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Tradition and Common Property Management

  • Matthew A. Turner

Since management of a common property resource can only be undertaken by a government of finitely lived agents, a natural way to study common property management is to study the behavior of such governments. This paper proposes that the choice of management objective by a government of finitely lived agents be regarded as a ``move'' in a game of sequential agents. Given this framework, it is shown that there exist subgame perfect equilibria in which each successive government chooses the same ``traditional'' management objective. These strategies enable an economy to overcome an intergenerational externality which can occur otherwise. Thus, following a tradition of conservation may be a rational response to an intergenerational externality. While the paper is primarily concerned with common property economies, the results also apply to private property economies and are relevant to the current debate over ``sustainability''

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File URL: http://www.economics.utoronto.ca/public/workingPapers/UT-ECIPA-MTURNER-95-01.ps
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Paper provided by University of Toronto, Department of Economics in its series Working Papers with number mturner-95-01.

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Length: 20 pages
Date of creation: 17 Aug 1998
Date of revision:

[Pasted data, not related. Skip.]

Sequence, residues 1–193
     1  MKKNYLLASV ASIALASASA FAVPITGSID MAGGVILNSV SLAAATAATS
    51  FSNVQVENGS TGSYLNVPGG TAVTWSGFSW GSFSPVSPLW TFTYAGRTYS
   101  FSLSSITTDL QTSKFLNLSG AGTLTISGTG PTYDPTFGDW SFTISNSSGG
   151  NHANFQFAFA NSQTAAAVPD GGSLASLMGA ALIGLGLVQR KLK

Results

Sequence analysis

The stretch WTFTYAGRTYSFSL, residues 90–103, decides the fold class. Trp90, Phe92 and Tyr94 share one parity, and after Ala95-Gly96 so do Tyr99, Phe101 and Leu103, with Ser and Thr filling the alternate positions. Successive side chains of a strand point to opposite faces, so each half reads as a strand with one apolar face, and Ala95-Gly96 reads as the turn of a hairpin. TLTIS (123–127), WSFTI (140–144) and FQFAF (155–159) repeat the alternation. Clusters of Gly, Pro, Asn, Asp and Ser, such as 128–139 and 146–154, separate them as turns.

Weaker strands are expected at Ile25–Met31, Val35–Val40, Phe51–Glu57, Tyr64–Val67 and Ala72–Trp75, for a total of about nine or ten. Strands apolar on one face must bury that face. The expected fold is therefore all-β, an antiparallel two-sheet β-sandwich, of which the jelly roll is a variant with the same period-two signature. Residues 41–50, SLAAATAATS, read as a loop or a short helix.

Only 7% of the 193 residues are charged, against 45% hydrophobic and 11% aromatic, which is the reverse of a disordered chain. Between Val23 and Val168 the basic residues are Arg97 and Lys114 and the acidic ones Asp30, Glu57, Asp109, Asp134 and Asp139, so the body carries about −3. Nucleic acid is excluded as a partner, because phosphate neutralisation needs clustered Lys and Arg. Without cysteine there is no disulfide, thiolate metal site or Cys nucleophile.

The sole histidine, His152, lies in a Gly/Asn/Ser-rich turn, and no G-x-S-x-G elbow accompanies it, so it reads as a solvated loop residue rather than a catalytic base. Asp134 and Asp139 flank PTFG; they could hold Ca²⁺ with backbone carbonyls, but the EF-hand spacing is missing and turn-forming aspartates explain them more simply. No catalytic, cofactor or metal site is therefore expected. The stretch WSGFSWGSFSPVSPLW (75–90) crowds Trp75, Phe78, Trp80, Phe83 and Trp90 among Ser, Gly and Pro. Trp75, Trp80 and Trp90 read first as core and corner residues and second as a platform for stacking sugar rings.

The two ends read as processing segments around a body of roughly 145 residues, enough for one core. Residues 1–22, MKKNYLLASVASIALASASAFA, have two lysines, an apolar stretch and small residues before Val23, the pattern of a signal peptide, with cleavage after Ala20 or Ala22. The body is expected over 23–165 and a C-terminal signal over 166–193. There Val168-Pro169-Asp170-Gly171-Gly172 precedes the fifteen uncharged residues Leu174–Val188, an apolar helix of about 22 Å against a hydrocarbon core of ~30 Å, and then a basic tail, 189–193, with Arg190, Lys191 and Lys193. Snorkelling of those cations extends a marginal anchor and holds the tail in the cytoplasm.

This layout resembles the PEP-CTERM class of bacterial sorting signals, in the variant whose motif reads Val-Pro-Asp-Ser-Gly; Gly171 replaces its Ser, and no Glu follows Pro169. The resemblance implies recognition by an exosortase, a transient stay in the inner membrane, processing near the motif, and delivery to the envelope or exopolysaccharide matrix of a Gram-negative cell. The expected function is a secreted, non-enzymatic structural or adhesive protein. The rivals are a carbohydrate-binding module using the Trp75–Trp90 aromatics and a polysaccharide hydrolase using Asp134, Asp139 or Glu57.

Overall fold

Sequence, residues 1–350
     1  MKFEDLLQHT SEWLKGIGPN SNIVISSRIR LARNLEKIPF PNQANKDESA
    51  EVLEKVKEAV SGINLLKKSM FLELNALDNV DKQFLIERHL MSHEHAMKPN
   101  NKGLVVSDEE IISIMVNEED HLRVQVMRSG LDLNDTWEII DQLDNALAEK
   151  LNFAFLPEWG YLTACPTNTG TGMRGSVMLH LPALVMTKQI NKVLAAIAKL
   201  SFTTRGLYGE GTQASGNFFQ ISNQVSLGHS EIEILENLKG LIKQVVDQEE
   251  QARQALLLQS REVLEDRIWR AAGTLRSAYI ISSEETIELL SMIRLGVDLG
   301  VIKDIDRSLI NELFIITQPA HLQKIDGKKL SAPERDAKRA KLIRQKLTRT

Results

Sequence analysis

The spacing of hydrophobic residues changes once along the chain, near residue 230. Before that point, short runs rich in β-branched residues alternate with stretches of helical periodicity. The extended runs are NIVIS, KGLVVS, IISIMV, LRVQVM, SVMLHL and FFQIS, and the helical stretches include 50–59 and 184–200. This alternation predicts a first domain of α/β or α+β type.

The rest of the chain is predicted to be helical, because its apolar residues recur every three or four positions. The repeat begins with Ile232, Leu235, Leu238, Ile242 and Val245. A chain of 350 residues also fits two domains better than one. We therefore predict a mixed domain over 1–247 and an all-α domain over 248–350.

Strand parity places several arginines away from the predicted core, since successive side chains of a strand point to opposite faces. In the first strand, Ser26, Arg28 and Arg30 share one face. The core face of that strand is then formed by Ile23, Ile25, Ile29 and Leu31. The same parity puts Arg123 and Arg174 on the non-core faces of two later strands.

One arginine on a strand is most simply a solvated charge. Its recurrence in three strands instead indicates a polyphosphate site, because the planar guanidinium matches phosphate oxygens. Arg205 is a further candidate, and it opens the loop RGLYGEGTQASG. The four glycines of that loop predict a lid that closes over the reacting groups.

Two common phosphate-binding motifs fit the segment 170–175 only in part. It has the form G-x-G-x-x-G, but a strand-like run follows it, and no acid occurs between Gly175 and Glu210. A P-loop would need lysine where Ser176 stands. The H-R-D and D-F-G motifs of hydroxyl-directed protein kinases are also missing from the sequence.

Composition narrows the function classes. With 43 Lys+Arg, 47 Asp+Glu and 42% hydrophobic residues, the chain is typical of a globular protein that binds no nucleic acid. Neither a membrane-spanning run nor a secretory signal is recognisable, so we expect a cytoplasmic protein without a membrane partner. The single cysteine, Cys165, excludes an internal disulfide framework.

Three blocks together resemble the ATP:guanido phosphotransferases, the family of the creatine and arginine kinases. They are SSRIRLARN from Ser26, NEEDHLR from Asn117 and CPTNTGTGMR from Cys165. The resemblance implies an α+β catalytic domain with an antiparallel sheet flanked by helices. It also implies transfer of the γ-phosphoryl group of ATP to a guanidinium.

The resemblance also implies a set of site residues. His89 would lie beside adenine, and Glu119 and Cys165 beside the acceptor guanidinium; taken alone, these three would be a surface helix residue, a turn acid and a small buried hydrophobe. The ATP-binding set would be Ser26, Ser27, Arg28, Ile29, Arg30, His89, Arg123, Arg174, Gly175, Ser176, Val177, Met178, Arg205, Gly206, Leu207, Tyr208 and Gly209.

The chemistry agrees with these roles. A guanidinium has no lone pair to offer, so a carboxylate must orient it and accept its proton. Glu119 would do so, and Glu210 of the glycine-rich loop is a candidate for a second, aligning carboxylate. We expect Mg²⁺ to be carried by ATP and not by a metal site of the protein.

Handle: RePEc:tor:tecipa:mturner-95-01
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  1. Solow, Robert, 1993. "An almost practical step toward sustainability," Resources Policy, Elsevier, vol. 19(3), pages 162-172, September.
  2. Matthew A. Turner, 1997. "Parental Altruism and Common Property Regulation," Canadian Journal of Economics, Canadian Economics Association, vol. 30(4), pages 809-21, November.
  3. Kotlikoff, Laurence J & Persson, Torsten & Svensson, Lars E O, 1988. "Social Contracts as Assets: A Possible Solution to the Time-Consistency Problem," American Economic Review, American Economic Association, vol. 78(4), pages 662-77, September.
  4. Olson, Lars J. & Knapp, Keith C., 1997. "Exhaustible Resource Allocation in an Overlapping Generations Economy," Journal of Environmental Economics and Management, Elsevier, vol. 32(3), pages 277-292, March.
  5. Kandori, Michihiro, 1992. "Repeated Games Played by Overlapping Generations of Players," Review of Economic Studies, Wiley Blackwell, vol. 59(1), pages 81-92, January.
  6. Cremer, Jacques, 1986. "Cooperation in Ongoing Organizations," The Quarterly Journal of Economics, MIT Press, vol. 101(1), pages 33-49, February.
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